When Genevieve Montcombroux was growing up in Paris, she dreamed of living in Canada’s North. Some called it a childhood fantasy, but at the age of 10, Montcombroux knew it would happen the moment she picked up Boreal, a book by French ethnologist and explorer Paul-Emile Victor.

It wasn’t the beauty of the barren landscape that called her. It wasn’t the ancient lives the Inuit lived that intrigued her. It was the broad-shouldered Inuit sled dogs that pawed their way into her imagination. Montcombroux wanted to glide across the frozen tundra, the frigid winds whipping her face as the mighty dogs powered toward the snowy horizon.

She asked her family if she could get one of the northern canines for their Parisian home. “No,” she was told.

Although Montcombroux never did get a sled dog for a pet, her ambition never died and her willingness to dream helped the ancient breed rebound from the brink of extinction.

When Montcombroux grew up and left Paris, her aspiration to keep Inuit dogs never trailed too far behind. She moved to London to improve her English, where she met and married a man named Michael Montcombroux, who became a teacher and had dreams of Canada as well. Michael’s father had traveled on business and the stories he told his son about the country never left his memory.

By the late 1960s, the couple and their two young children decided to move to the country that had long captivated their imaginations. They settled in northern Saskatchewan, but it wasn’t until Montcombroux visited Churchill, Manitoba, that she first looked into the almond-shaped eyes of a Canadian Inuit canine.

“These are the dogs I have dreamed about,” she thought.

It was a monumental moment. Montcombroux was able to touch their stiff and perfectly straight coats that are made up of two parts, a soft undercoat that insulates and outer guard hairs that protect. Because Canadian Inuit dogs were never bred for show, but rather for work ethic and strength, their coats come in a variety of colours—from all-white and pitch-black to steely grey and earthy cinnamon.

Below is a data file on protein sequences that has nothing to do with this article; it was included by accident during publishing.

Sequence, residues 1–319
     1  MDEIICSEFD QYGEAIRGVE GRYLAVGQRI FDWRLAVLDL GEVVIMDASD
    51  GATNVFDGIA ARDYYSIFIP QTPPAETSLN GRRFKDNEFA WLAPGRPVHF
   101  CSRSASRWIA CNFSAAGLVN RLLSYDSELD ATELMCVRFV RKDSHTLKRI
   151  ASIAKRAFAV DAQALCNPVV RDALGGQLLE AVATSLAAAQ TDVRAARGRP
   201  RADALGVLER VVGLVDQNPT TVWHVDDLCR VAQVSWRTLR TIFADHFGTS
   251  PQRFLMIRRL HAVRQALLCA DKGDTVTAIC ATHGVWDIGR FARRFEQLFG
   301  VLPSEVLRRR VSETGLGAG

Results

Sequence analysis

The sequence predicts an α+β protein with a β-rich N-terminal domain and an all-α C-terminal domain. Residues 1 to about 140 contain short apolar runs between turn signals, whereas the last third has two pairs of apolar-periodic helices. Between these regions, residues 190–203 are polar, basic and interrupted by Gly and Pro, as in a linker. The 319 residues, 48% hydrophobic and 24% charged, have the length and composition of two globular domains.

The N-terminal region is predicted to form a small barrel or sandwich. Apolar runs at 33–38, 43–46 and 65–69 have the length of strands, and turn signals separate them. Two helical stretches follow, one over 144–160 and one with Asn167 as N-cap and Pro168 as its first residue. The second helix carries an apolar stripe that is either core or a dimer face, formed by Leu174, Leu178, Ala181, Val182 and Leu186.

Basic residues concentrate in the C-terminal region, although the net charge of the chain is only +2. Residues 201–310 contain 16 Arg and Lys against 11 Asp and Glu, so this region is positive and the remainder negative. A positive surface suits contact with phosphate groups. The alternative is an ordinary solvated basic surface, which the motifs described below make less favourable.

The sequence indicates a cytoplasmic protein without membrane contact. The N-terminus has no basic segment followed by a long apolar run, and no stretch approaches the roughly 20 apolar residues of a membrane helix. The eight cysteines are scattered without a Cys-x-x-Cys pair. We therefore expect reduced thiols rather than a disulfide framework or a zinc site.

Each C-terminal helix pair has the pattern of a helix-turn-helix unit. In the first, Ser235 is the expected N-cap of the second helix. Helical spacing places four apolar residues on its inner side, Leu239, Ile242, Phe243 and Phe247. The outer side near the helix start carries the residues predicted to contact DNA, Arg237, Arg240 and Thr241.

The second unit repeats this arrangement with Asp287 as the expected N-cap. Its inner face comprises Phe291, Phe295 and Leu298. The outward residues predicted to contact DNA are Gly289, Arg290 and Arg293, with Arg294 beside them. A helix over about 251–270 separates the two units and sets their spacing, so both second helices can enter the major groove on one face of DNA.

For centuries the eerie, guttural howl of the Canadian Inuit dog has been heard across the Arctic. When the ancients traversed the Bering Strait land bridge over 4,000 years ago, it was the dogs that led the way, pulling sleds and carrying supplies. These dogs weren’t—and aren’t—the slender, long-legged Siberian huskies bred for speed that most people associate with sled dogs. Canadian Inuit dogs are the workhorses of the north: bred for power, trained to hunt, and acclimatized to the hostile northern environment.

The Inuit people relied on their dogs for their next meal as much as the canines depended on their human companions for theirs. When a bear or caribou was sighted, the hunter let half his team off harness. The dogs surrounded the bear, frightening it so it couldn’t flee. The dogs kept the animal occupied long enough for the hunter and the rest of the team to catch up and close enough for the hunter to make the kill.

The dogs also sniffed out breathing holes in the ice, where there were bound to be seals rising from the icy water. When a hole in the ice was found, the hunter stopped his team far enough from the hole so they wouldn’t startle the seal, and crawled to the opening in the ice to harpoon their prey. The dogs sat back, knowing a meal was near.

Thanks to Michael’s job as a teacher, the Montcombroux family had the opportunity to live in several northern communities. During the late 1960s and early 1970s, the Inuit people were moving into settlements and their long-isolated cultures were being exposed to southern influences. The Inuit way of life was changing, and so was life for their dogs.

Canines from southern Canada were crossed with Inuit dogs. Many Inuit people stopped hunting and abandoned their teams, but it was the introduction of the snowmobile that caused the canine population in the north to decline rapidly.